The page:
See the view from Victoria Peak
If there’s only one thing you must do in Hong Kong, it’s to take in the famous view from Victoria Peak, arguably the city’s most famous attraction. Rising 1,805 feet above sea level, the summit affords breathtaking views of Hong Kong Island, Kowloon, Victoria Harbour, and, on very clear days, Kowloon’s eight mountains. There are several ways to reach the top, but the classic method is a seven-minute ride on the Peak Tram, the world’s steepest funicular railway. There’s an ongoing argument about whether the view is better during the day or at night—see both if you have the time and decide for yourself.
Eat dim sum
Translated literally, dim sum means “touch your heart,” but it refers to a family-style meal consisting of dumplings and other dishes served in steamer baskets or on small plates. Dim sum originated as a morning or early afternoon meal, but today you can have it any time of day. And there’s no better place in the world to enjoy it than Hong Kong. While some restaurants serve dim sum from pushed carts and others allow guests to order from a menu, you can expect a similar roster of options including har gow (steamed shrimp dumplings), char siu baau (barbecued pork buns), spare ribs, turnip cakes, and much more.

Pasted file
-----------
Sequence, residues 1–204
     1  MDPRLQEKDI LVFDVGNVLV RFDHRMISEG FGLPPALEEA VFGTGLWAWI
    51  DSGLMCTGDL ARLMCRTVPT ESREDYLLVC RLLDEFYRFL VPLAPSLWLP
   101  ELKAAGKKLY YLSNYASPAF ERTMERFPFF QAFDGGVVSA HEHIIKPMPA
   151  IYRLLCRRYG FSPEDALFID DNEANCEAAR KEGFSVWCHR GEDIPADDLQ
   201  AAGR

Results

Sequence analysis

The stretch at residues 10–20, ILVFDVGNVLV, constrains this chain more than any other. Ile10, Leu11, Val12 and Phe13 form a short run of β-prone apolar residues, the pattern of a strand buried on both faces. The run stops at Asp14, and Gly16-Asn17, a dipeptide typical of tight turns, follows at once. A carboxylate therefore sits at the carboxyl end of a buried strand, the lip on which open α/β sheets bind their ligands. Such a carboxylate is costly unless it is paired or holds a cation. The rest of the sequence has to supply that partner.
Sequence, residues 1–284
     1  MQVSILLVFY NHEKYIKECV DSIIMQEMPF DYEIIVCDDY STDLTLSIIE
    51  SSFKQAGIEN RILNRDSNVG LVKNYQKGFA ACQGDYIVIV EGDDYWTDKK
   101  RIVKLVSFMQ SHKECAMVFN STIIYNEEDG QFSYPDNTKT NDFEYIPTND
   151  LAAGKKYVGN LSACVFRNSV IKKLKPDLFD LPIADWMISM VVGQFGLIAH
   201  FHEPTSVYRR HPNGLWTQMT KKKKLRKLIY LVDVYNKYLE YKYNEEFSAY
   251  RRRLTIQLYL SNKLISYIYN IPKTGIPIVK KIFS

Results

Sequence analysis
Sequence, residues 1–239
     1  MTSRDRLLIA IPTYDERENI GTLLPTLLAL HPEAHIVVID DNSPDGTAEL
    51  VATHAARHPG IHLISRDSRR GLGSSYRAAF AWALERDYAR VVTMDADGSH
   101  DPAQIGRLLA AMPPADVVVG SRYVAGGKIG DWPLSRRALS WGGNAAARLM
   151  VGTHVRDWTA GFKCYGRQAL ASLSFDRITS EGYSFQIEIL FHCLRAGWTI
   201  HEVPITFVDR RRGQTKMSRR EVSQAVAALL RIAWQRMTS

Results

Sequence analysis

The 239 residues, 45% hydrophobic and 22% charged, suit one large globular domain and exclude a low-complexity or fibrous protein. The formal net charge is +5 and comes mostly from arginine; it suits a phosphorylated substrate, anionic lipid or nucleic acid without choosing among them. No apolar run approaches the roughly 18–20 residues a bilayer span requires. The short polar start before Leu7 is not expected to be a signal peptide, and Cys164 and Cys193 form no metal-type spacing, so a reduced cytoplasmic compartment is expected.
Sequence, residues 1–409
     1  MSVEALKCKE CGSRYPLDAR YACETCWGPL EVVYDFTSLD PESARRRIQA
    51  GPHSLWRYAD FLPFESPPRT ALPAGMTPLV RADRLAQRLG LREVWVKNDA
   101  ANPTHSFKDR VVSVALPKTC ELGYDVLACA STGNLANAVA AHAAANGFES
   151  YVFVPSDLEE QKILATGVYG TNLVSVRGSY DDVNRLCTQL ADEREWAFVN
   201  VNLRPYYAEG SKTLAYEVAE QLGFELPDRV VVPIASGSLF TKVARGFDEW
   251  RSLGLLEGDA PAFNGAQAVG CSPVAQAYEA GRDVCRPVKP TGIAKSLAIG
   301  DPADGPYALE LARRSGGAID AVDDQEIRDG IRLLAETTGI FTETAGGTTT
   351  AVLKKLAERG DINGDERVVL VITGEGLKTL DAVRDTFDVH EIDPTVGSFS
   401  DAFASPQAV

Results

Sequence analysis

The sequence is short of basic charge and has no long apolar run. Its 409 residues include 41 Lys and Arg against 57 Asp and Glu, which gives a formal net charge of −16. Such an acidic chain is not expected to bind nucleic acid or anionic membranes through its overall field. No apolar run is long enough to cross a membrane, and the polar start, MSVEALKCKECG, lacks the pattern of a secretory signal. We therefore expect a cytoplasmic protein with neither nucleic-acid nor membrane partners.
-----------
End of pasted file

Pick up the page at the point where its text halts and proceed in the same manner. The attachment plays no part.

There are countless places where you can order dim sum, but your best bet is to head directly to Tim Ho Wan, known as the cheapest Michelin–starred restaurant in the world (there are twelve locations in Hong Kong, but only the North Point, Sham Sui Po, and Tai Kwok Tsui locations are on Michelin’s list). For an old-school dim sum experience, try Luk Yu Tea House (24-26 Stanley Street; +852 2523 5464); for nouveau dim sum made with high-end international ingredients, try Mott32.
Charter a junk boat